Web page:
Second of five student guest posts by Nai-Chung N. Chang
Tuberculosis (TB) is a major disease burden in many areas of the world. As such, it was declared a global public health emergency in 1993 by the World Health Organization (WHO). It is a bacterial disease that is transmitted through the air when an infected individual coughs, sneezes, speaks, or sings. However, not all individuals who contract the disease will display symptoms. This separates the infected into two categories, latent and active. Latent individuals are non-infectious and will not transmit the disease, whereas active individuals are able to transmit the disease.
TB is a significant concern in patients diagnosed with HIV, since individuals diagnosed with HIV and latent forms of TB infection is more likely to develop the disease, then the HIV negative individuals. In addition, in people living with HIV, TB is one of the leading causes of death. (CDC, 2012) The fact that latent forms of the disease are capable of becoming fully active forms given the right stimulus represents a high risk to individuals living in poor conditions, which is widely present in developing nations. It is of even greater concern to individuals who have immune system diseases, such as HIV. Individuals with latent TB infection depend on robust immune system responses to prevent the infection from going into active form. HIV and similar diseases targets and weakens immune systems so that the response to infections becomes weaker, providing increased risk of TB infections and the activation of latent forms.
TB is a major concern not only because of its status as a global epidemic. While there are many forms of prevention and treatment for the disease, such as antibiotics and vaccine, these treatments are not overly effective in combating and controlling the spread of the disease. TB is widespread and has a high chance of becoming resistant to any treatment that it is exposed to, especially antibiotics and other chemotherapeutic drugs such as isoniazid. Several of these strains already exist and each has varying levels of resistance, including Multidrug-Resistant (MDR) and Extensively Drug-Resistant (XDR). MDR is a strain that is resistant to two of the most often used and potent TB drugs, isoniazid and rifampin; whereas XDR is MDR strains that have developed resistance to any fluoroquinolone and at least one of three second-line drugs such as kanamycin or capreomycin. Also, the vaccine that has been developed for preventing TB is not overly protective, and sometimes fails to protect against infection. (CDC, 2012) The vaccine is not designed to prevent the infection of TB; instead, it is aimed towards boosting and speeding up the immune system response to any new infection so that the infected individual remains in latent forms. (Russell, et al., 2010)
The increasing trends in the resistance of TB to various treatments is a serious concern as it have major impacts in controlling the spread of the disease in many regions. This condition worsens with MDR and XDR TB. With regular, normal strains of TB, latent and early infections could be combated and controlled by a successful chemotherapeutic treatment even in patients with immune system diseases. However, with MDR and XDR TB, the strains are able to fully develop in an individual with weakened immune system, as evident in areas where incidence of TB and HIV is high, such as South Africa. (O’Donnell, et al., 2013) For cases with MDR and XDR strains, the weakened immune systems are not potent enough to prevent infections or keep them in latent form. Additionally, the active forms of these strains are resistant to common, and in some cases, advanced treatments.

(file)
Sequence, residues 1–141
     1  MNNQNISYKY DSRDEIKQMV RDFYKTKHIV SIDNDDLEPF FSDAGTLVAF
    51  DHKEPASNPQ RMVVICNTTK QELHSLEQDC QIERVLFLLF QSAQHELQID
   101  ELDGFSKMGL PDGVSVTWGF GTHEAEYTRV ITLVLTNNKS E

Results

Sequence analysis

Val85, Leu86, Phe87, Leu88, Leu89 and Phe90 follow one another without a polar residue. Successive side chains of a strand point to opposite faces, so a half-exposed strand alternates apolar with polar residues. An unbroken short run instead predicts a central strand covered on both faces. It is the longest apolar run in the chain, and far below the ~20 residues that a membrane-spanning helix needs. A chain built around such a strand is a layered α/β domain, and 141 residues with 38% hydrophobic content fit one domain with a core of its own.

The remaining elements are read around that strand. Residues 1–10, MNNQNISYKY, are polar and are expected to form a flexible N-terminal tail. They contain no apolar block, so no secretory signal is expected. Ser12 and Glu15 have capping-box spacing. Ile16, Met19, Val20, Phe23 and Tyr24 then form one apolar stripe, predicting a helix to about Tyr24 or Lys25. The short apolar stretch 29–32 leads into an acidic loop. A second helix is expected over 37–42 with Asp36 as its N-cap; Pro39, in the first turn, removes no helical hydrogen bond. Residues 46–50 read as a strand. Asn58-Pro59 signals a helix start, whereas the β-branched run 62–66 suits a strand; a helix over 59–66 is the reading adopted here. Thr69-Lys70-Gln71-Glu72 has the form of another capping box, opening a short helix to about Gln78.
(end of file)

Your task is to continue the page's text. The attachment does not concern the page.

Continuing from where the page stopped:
With the increasing development of drug-resistant TB, the most effective way to combat TB is not only through vaccines and treatments. Instead, strict public health policy is needed to properly maintain control and combat the spread of TB. With a well-structured public health system, we can ensure that the long treatment of TB is complete, since most of the increase in the resistance to treatment often results from issues during treatment. Events such as patient non-compliance to the treatment and inadequate health-care supervision can all result in the development of new strains of the bacteria that have developed resistance to the treatments that was used. (Russell, et al., 2010) Also, a well-structured public health system can maintain better supply and quality of drugs throughout the treatment process, as well as the prevention and detection of possible new drug resistant strains. More importantly, it can maintain better surveillance and ensure patient compliance during the treatment process, which would help in reducing the development of drug resistant strains. The surveillance systems can also target comorbid diseases such as HIV to reduce risk factors for activating latent forms of the disease in patients with HIV and similar diseases.
CDC, 2012. Tuberculosis (TB). [Online]
Available at: http://www.cdc.gov/tb/topic/basics/default.htm
[Accessed 13 2 2013].
O’Donnell, M. R. et al., 2013. Treatment Outcomes for Extensively Drug-Resistant Tuberculosis and HIV Co-infection. Emerging Infectious Disease [Internet], 19(3).
Russell, D. G., Barry 3rd, C. E. & Flynn, J. L., 2010. Tuberculosis: What We Don’t Know Can, and Does, Hurt Us. Science, 328(5980), pp. 852-856.